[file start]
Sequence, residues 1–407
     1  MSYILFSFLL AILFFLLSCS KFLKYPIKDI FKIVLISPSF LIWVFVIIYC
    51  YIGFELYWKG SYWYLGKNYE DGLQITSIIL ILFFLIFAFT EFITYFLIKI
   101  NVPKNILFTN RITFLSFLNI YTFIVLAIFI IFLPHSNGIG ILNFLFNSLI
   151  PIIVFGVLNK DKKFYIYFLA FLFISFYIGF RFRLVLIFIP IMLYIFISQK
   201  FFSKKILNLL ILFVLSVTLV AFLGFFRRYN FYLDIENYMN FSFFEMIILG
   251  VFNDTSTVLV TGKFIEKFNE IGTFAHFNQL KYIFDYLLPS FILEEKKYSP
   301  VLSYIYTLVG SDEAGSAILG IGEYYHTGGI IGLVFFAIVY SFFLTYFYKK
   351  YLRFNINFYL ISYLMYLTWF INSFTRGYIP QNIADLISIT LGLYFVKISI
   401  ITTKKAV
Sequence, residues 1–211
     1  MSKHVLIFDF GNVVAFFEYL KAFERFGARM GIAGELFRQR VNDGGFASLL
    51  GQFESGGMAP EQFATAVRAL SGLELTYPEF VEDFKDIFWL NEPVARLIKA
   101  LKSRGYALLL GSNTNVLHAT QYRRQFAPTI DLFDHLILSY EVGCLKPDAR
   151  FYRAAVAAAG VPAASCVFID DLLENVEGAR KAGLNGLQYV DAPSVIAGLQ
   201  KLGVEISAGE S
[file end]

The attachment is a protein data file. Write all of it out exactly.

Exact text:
Sequence, residues 1–407
     1  MSYILFSFLL AILFFLLSCS KFLKYPIKDI FKIVLISPSF LIWVFVIIYC
    51  YIGFELYWKG SYWYLGKNYE DGLQITSIIL ILFFLIFAFT EFITYFLIKI
   101  NVPKNILFTN RITFLSFLNI YTFIVLAIFI IFLPHSNGIG ILNFLFNSLI
   151  PIIVFGVLNK DKKFYIYFLA FLFISFYIGF RFRLVLIFIP IMLYIFISQK
   201  FFSKKILNLL ILFVLSVTLV AFLGFFRRYN FYLDIENYMN FSFFEMIILG
   251  VFNDTSTVLV TGKFIEKFNE IGTFAHFNQL KYIFDYLLPS FILEEKKYSP
   301  VLSYIYTLVG SDEAGSAILG IGEYYHTGGI IGLVFFAIVY SFFLTYFYKK
   351  YLRFNINFYL ISYLMYLTWF INSFTRGYIP QNIADLISIT LGLYFVKISI
   401  ITTKKAV
Sequence, residues 1–211
     1  MSKHVLIFDF GNVVAFFEYL KAFERFGARM GIAGELFRQR VNDGGFASLL
    51  GQFESGGMAP EQFATAVRAL SGLELTYPEF VEDFKDIFWL NEPVARLIKA
   101  LKSRGYALLL GSNTNVLHAT QYRRQFAPTI DLFDHLILSY EVGCLKPDAR
   151  FYRAAVAAAG VPAASCVFID DLLENVEGAR KAGLNGLQYV DAPSVIAGLQ
   201  KLGVEISAGE S